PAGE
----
Whether or not you identify as LGBTQ+, chances are that at least some of your guests do. Follow our lead and ditch the heteronormative.
Pronouns and titles are fluid, so even if you think you know someone's pronouns, never assume. Be sure to confirm your guests' honorifics (Mr., Miss, Mx., Rp.) before printing save-the-dates, invitations, and escort cards.
Avoid gendered dress codes such as “men in suits,” and simply communicate the level of formality you expect from guests (ex: semi-formal).
Work With Inclusive Pros
Being truly equality-minded® is more than just being open to working with LGBTQ+ couples—vendors need to also do the work. Ensure that the wedding pros you work with have formally trained themselves and their staff on inclusivity and gender-awareness so they can not only give you a better experience, but also your guests.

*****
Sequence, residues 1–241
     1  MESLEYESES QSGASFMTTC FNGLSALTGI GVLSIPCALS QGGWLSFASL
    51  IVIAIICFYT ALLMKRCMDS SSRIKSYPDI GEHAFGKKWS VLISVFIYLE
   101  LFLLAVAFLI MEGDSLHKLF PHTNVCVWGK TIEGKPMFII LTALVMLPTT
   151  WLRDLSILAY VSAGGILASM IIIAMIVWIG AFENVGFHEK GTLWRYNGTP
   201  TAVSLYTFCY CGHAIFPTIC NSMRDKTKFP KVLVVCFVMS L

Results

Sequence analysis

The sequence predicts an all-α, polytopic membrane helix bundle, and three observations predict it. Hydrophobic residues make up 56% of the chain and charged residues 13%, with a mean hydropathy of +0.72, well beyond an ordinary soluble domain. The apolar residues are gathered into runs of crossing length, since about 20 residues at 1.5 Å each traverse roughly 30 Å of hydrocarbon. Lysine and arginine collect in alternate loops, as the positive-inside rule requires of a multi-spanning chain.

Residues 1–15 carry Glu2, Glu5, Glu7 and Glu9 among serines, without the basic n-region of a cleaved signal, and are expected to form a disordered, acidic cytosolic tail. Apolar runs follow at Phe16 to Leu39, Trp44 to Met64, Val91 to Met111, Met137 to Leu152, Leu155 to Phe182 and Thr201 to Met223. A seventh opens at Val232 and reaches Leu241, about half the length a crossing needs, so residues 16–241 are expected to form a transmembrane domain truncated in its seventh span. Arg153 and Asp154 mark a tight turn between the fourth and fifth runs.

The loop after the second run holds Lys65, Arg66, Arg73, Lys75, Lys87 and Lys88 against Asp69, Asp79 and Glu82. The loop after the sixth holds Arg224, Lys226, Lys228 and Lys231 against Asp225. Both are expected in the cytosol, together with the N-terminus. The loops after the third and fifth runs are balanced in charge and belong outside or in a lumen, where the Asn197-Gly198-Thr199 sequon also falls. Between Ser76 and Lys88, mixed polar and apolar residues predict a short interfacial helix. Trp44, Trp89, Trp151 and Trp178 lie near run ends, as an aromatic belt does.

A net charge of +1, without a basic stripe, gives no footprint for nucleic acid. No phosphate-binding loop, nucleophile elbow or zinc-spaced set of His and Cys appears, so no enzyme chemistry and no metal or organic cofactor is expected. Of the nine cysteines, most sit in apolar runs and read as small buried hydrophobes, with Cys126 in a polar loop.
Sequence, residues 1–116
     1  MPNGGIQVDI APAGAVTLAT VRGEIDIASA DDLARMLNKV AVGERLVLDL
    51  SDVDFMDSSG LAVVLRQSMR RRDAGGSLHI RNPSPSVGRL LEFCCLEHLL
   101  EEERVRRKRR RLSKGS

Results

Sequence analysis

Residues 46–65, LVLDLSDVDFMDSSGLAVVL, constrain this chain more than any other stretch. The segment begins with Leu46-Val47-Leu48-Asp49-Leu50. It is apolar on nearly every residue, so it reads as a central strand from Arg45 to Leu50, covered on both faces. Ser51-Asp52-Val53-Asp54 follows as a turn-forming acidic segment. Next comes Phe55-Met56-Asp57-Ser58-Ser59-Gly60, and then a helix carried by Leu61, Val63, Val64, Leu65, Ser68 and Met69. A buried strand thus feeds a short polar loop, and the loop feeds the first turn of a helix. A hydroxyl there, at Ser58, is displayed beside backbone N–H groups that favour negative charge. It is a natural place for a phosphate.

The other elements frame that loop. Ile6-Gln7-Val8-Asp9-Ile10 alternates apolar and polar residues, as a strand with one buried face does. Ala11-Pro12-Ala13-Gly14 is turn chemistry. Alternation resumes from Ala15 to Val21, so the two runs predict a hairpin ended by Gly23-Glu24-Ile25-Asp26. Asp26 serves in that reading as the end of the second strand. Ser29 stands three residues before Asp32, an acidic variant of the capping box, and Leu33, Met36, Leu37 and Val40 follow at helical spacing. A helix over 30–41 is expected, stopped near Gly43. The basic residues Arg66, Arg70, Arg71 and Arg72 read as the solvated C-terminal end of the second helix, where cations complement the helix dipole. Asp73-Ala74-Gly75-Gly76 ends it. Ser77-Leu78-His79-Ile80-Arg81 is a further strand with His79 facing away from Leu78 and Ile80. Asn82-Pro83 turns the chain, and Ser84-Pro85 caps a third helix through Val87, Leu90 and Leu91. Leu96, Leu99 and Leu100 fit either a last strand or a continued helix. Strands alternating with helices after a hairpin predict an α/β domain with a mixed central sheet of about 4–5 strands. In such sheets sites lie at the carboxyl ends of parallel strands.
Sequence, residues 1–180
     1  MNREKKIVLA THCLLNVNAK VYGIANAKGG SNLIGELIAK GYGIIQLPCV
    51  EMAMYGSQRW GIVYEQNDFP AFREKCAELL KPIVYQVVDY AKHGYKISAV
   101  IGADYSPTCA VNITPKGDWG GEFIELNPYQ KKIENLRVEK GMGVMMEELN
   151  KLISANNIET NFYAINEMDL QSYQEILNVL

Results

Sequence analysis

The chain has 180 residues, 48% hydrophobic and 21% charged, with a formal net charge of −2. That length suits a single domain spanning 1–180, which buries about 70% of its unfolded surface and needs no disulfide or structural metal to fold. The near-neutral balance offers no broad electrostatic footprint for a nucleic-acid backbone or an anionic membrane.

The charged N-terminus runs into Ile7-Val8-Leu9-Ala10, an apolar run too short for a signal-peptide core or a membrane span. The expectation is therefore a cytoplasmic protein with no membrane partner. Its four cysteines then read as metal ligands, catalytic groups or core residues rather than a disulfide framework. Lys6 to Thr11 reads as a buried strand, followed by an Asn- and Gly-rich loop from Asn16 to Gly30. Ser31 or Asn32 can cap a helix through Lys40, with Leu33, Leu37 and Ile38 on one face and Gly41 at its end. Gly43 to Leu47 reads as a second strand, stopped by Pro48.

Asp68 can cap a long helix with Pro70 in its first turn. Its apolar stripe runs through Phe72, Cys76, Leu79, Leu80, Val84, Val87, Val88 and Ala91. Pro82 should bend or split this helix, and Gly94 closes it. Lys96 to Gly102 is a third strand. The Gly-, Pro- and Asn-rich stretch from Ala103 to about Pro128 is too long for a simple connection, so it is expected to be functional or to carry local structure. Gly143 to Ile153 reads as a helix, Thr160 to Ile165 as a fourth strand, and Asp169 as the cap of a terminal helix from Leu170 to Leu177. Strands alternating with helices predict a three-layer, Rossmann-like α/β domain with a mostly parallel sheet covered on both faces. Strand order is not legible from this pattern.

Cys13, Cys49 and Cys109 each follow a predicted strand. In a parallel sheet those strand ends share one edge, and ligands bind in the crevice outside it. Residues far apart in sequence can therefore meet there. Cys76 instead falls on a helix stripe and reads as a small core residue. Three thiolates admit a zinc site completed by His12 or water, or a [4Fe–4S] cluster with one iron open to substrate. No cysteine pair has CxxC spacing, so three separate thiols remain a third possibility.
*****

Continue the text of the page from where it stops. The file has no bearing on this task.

Be sure to communicate with anyone who is going to have access to a mic that inclusivity is important and they should avoid using gendered phrases such as “ladies and gentlemen.” Some key players to note: officiant, DJ/band, emcee, and those who are giving toasts.
Traditions like the bouquet and garter toss are entrenched in gender. If you opt in to these rituals, open it up to everyone who wants to join.